Contributed Talk - Splinter ISM

Thursday, 24 September 2020, 09:00   (virtual room F)

Interpreting line emission in unresolved observations

V. Ossenkopf-Okada
I. Physics Institute, University of Cologne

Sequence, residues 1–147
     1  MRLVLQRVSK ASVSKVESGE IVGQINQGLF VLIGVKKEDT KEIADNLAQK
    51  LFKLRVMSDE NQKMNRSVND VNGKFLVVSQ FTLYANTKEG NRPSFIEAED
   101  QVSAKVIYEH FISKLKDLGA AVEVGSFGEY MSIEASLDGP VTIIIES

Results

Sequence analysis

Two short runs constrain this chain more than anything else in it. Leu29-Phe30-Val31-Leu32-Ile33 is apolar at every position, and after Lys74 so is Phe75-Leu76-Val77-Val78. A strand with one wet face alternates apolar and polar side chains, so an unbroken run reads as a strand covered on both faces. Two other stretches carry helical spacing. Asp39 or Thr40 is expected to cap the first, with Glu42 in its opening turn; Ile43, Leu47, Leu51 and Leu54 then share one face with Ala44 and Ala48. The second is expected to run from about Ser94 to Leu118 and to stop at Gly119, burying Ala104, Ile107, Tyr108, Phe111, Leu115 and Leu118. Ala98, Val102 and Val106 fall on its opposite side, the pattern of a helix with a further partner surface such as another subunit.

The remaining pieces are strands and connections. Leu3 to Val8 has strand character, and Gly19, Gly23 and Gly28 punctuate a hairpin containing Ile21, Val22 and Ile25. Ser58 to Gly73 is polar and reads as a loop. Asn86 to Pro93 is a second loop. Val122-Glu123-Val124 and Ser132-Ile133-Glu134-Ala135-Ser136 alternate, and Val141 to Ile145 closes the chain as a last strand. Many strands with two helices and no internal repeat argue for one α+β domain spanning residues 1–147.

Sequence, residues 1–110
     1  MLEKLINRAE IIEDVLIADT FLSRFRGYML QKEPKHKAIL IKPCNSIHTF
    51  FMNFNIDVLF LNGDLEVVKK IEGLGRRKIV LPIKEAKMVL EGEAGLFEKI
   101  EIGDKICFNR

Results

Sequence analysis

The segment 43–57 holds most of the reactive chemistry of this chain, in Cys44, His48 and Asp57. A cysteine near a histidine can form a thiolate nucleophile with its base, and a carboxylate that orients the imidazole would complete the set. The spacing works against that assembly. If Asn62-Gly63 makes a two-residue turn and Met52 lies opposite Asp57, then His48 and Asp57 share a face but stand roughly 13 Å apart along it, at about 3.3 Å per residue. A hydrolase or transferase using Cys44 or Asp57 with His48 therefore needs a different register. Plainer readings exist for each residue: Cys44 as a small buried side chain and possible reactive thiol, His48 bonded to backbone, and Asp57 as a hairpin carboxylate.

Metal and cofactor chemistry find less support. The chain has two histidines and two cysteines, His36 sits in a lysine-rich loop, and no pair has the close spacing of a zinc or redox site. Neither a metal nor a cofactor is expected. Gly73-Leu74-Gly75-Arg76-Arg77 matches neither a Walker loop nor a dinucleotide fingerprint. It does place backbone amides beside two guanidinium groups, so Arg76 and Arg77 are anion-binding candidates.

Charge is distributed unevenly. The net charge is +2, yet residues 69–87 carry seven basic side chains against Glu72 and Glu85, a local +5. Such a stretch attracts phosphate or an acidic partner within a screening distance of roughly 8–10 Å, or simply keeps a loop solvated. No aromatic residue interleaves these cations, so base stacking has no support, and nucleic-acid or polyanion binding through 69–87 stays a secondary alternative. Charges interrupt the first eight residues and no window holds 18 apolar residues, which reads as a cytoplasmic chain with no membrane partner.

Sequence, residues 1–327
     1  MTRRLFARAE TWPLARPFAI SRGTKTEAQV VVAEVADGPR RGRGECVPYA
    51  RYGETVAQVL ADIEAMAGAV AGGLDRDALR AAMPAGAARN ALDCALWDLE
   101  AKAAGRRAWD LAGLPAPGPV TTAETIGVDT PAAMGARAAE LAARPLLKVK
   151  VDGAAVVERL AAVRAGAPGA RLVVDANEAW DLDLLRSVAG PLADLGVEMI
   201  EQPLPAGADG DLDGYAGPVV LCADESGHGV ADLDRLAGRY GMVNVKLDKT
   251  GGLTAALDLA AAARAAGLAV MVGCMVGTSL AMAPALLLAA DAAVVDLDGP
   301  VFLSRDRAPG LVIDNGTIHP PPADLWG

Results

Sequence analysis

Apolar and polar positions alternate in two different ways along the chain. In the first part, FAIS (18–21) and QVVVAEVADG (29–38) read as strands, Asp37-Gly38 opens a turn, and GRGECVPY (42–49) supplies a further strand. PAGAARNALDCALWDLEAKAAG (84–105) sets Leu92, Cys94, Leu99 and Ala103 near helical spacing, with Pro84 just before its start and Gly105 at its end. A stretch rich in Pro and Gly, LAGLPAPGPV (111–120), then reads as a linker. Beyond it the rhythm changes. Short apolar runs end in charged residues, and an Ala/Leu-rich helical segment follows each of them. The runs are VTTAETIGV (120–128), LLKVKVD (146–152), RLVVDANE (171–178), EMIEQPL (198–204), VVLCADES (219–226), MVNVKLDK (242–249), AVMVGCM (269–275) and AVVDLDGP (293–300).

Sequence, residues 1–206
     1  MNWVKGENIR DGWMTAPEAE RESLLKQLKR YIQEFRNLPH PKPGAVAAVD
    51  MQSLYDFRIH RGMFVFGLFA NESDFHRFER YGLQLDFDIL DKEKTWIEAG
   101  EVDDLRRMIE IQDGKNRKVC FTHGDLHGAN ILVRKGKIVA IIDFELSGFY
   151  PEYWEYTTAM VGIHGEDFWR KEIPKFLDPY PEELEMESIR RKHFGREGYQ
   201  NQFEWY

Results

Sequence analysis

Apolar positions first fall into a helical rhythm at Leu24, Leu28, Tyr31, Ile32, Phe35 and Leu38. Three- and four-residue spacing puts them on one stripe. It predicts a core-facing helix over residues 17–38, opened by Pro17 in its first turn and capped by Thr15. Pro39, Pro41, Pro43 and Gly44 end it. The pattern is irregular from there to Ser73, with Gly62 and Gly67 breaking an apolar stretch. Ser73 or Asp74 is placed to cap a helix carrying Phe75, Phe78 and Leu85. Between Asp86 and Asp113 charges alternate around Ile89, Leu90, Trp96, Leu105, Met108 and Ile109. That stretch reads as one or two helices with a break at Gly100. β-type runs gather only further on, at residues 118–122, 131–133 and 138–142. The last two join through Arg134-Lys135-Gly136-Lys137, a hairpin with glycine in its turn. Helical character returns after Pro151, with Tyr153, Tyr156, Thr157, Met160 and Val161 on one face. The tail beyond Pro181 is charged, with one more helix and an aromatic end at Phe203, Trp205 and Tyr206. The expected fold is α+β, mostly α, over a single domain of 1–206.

The derivation of the physical properties of the ISM in external galaxies is usually based on the fit of line and continuum intensities and their ratios measured within a telescope beam that covers whole molecular clouds or even galaxies. The derived parameters are then interpreted as some average properties of the ISM within the beam. This assumption now can be verified based on existing large data sets that cover the dynamic range from a hundredth of a parsec up to the scales accessible in the extragalactic observations. Here we used the combination of several data sets covering the Orion-A molecular cloud complex at a resolution of about 10arcsec in an area of about 2 square degrees to provide a template for a region with active star-formation. Similar to Barnes et al. (2020) we find that the integrated emission of different tracers is dominated by different origin, not simply described in terms of a critical density. In particular for the low-J lines of CO isotopologues suprathermal excitation has to be taken into account. This allows to assess the density of the material. The very bright emission of regions like Orion KL is statistically insignificant when diluted in a large beam. On global scales, low density gas dominates the total intensity. For low-J lines of CO isotopologues, this is material with densities somewhat above 10^3 cm-3, for [CII] material at densities below 10^3 cm-3. The CO lines have a very weak temperature - and therfore UV field - dependence, while [CII] shows a strong dependence. [CI] measures material at higher temperatures and higher densities, NH3 lower temperatures at high densities, and so on. At the end we find that most of the emission of the different tracers stems from regions with different properties so that any interpretation of their ratios in terms of global properties will fail.